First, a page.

Election chief sets the record straight on reporting rules
CAEAL president admits previous remarks did not distinguish between news reporting and electioneering, allaying concerns over press freedom.
Macao’s election chief has spoken out to clarify media reporting rules during this autumn’s direct and indirect elections to the Legislative Assembly.
Legislative Assembly Electoral Affairs Commission (CAEAL) President Tong Hio Fong said that on the day before and on the day of the elections on 12 September local media will only need to hide online articles that specifically campaign for a particular candidacy list with the aim of influencing voters’ choice.
Tong reaffirmed that the commission’s “concealment requirement” for the two days – which was announced early last month – does not cover news articles reporting various candidacy lists’ campaign-related activities, so there will be no need to hide news reports that were published after the respective media organisations’ reporters covered the campaign-related activities carried out by the various candidacy lists.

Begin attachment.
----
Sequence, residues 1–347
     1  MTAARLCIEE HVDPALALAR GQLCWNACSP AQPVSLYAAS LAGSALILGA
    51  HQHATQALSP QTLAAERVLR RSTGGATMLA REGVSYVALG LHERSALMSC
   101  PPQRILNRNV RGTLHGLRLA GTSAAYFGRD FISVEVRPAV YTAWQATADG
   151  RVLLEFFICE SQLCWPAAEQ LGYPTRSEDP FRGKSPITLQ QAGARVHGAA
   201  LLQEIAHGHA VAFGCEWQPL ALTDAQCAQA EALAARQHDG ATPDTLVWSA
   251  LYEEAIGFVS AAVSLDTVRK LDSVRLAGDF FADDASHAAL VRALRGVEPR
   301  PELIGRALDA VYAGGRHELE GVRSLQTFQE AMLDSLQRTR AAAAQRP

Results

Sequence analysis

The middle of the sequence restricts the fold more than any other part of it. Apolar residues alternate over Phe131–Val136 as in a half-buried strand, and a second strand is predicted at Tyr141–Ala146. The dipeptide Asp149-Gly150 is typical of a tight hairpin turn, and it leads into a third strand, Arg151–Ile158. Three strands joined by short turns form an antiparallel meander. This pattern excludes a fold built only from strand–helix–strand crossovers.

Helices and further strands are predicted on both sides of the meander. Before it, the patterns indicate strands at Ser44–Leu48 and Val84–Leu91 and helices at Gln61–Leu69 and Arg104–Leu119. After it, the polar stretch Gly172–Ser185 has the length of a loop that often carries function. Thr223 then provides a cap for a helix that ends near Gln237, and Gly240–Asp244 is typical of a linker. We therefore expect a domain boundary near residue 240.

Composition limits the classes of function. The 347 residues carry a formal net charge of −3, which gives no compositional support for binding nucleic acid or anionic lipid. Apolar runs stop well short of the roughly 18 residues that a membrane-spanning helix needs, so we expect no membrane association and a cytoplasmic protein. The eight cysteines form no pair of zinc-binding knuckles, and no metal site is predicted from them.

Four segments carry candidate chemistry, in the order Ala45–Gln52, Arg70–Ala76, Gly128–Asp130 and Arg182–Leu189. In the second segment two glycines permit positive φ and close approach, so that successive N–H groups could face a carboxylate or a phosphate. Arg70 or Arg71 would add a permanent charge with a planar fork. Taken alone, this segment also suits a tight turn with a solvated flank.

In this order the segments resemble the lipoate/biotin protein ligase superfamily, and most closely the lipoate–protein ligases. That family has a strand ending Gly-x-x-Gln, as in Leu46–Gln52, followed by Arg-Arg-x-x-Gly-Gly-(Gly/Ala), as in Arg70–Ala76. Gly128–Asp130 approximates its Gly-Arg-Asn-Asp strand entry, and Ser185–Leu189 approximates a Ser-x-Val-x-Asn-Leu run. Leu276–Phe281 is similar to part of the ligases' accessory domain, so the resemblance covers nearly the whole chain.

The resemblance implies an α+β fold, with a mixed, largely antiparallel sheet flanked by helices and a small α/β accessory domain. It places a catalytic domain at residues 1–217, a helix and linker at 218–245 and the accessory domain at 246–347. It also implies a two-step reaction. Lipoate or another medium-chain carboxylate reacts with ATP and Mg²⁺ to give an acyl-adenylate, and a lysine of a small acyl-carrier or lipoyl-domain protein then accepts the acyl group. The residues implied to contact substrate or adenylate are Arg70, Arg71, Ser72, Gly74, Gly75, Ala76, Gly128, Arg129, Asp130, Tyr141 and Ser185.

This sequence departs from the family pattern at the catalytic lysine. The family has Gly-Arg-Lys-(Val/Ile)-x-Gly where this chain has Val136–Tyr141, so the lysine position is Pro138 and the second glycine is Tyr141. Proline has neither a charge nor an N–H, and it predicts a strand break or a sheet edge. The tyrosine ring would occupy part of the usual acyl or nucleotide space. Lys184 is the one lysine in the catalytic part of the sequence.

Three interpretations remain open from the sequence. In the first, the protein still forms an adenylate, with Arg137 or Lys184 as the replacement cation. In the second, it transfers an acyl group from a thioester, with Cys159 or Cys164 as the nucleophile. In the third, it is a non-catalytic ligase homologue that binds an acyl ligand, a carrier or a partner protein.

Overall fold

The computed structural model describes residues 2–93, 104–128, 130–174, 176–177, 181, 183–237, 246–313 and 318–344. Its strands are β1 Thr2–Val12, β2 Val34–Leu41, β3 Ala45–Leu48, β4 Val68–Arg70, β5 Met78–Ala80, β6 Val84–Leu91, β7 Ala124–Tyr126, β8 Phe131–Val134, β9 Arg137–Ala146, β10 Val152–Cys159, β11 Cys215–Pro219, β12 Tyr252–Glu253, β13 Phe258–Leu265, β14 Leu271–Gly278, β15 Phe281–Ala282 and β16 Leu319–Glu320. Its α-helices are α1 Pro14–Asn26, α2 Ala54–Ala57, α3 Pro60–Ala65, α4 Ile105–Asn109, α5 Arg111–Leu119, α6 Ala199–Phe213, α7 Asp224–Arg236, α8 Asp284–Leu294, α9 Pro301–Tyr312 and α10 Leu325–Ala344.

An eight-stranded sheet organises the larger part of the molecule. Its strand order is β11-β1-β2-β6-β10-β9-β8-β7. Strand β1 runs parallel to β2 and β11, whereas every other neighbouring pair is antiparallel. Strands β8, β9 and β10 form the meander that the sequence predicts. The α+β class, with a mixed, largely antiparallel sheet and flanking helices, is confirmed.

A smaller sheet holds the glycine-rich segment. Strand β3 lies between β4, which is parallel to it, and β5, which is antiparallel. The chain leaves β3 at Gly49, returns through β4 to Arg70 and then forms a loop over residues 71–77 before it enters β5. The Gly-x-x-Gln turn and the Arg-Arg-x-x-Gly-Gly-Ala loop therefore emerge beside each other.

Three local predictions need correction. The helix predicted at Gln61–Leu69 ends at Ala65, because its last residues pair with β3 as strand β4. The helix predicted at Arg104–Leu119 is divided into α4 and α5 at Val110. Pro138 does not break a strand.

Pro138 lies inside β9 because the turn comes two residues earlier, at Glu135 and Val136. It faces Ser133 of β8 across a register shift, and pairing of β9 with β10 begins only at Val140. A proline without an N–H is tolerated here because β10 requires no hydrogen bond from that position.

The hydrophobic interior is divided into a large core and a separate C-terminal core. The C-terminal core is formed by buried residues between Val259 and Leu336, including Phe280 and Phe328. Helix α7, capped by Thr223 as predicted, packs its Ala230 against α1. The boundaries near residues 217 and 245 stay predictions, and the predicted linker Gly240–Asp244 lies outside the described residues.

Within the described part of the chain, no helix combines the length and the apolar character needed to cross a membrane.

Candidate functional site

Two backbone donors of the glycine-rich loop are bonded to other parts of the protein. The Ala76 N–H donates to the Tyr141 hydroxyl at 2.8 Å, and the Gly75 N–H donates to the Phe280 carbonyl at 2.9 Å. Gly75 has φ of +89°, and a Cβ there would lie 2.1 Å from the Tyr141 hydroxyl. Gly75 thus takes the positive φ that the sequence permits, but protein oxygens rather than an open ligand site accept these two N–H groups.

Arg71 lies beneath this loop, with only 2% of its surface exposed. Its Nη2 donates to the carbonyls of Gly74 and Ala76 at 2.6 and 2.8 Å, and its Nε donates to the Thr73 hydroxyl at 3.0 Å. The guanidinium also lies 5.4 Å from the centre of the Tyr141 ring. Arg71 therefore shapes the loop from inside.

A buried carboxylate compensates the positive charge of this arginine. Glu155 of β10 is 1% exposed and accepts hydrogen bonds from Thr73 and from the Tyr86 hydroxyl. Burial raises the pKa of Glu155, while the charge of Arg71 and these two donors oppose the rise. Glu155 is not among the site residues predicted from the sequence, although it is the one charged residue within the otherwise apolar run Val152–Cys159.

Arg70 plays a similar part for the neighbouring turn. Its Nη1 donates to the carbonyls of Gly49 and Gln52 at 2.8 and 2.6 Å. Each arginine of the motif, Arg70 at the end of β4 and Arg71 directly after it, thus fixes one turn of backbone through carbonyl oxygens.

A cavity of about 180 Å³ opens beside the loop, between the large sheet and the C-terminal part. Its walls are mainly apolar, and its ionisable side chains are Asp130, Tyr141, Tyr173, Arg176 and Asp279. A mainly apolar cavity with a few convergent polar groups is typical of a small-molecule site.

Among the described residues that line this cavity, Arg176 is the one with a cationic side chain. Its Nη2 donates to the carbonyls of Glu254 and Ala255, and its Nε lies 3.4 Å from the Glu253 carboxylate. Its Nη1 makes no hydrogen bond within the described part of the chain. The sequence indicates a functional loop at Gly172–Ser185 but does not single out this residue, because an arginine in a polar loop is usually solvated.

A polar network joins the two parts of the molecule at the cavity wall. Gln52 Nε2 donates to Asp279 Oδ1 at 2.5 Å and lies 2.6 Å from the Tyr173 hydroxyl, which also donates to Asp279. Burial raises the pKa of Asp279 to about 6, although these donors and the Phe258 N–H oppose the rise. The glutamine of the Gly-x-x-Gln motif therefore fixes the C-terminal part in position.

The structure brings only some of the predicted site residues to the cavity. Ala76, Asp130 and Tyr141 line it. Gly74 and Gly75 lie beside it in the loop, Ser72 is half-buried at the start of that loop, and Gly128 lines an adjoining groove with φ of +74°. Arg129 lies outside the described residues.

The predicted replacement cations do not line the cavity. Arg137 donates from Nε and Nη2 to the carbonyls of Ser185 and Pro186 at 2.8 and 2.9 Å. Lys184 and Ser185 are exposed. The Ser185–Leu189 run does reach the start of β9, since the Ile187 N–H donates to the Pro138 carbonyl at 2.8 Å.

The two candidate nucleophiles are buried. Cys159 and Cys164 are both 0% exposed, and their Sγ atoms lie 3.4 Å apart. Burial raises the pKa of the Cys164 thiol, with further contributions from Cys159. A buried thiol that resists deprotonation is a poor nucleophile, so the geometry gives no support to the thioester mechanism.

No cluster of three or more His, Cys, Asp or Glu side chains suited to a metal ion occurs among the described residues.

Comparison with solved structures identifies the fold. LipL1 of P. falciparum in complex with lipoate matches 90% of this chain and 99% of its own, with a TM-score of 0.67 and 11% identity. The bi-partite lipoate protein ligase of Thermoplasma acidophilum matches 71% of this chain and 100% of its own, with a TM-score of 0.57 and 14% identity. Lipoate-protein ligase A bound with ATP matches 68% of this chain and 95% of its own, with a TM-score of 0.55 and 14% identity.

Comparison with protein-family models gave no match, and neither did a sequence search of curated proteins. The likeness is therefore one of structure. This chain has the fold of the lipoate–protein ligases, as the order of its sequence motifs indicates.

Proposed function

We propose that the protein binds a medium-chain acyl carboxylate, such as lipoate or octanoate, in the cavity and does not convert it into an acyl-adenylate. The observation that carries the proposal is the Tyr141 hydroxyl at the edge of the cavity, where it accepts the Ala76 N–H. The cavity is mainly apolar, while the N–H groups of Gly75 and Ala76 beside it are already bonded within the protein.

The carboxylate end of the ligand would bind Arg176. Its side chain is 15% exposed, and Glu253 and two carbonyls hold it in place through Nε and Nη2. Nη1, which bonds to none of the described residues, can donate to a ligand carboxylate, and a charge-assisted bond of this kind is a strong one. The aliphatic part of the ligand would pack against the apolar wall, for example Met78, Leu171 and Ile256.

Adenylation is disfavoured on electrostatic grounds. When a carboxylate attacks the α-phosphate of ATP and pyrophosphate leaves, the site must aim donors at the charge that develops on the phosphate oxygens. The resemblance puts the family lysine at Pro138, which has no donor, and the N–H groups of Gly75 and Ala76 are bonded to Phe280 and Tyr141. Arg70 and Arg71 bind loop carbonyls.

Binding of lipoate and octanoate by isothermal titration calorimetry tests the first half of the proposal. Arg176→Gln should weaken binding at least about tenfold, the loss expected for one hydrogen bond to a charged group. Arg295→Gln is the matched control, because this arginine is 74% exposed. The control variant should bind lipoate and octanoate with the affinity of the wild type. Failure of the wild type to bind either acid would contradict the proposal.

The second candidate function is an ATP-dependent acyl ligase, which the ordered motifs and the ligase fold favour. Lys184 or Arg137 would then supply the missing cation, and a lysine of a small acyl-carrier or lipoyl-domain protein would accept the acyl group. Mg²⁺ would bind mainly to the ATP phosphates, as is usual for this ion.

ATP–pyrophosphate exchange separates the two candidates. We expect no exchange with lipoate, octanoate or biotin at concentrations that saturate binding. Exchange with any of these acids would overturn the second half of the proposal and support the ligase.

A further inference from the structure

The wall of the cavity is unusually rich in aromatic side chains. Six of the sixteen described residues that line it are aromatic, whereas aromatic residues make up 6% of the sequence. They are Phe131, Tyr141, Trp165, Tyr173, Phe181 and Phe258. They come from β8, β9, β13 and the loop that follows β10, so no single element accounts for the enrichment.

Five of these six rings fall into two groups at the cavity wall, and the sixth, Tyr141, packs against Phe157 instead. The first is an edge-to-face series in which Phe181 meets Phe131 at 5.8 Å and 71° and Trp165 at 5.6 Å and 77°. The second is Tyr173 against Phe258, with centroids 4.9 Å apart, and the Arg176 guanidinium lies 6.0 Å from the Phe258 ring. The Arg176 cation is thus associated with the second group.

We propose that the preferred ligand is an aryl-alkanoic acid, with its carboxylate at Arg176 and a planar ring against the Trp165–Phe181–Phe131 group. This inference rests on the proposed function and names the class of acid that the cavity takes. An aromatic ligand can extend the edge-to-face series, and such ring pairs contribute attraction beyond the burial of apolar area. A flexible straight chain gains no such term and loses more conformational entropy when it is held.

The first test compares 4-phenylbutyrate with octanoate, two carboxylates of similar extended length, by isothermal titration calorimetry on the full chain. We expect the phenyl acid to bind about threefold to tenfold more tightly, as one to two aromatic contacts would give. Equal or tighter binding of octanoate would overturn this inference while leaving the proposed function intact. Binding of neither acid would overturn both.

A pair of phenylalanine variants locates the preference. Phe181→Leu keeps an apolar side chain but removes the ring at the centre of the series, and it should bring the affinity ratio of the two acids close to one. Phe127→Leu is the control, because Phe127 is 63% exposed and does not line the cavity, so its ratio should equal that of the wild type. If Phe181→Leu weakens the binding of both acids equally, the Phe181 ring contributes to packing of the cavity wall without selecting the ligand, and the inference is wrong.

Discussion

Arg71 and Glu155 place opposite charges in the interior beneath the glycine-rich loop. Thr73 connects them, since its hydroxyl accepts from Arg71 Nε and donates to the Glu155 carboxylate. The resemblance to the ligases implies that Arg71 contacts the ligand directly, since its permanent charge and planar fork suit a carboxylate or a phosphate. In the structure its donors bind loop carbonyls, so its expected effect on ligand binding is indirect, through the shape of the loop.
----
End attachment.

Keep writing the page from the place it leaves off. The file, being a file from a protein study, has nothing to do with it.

Tong spoke out in response to concerns over remarks he previously made stating that on the eve and on the day of the elections, local media must hide all their online campaign-related “news articles”, because such articles might directly or indirectly lead voters to choose particular candidacy lists.
Since Tong’s initial remarks, representatives of the local media have pointed out that the measure’s implementation would be impractical. Some journalists even expressed concern that the measure would undermine Macao’s press freedom, freedom of speech and the public’s right to know, The Macau Post Daily reported.
The 14-day campaign period of this year’s direct and indirect elections will run from 28 August to 10 September . Based on Macao’s European election system, no electioneering is allowed on the day before and on the day of the election.
Tong admitted that his previous remarks had failed to clearly distinguish between news reporting and electioneering.
Tong pointed out that his commission has been aware that during the previous election in 2017, some media only published articles interviewing certain candidacy lists, focused on their respective election campaign platforms and urged voters to choose them when casting their ballot.
Tong said that this kind of article amounts to electioneering, stressing that this year local media must hide this kind of article on their online platforms on the day before and on the day of this year’s elections.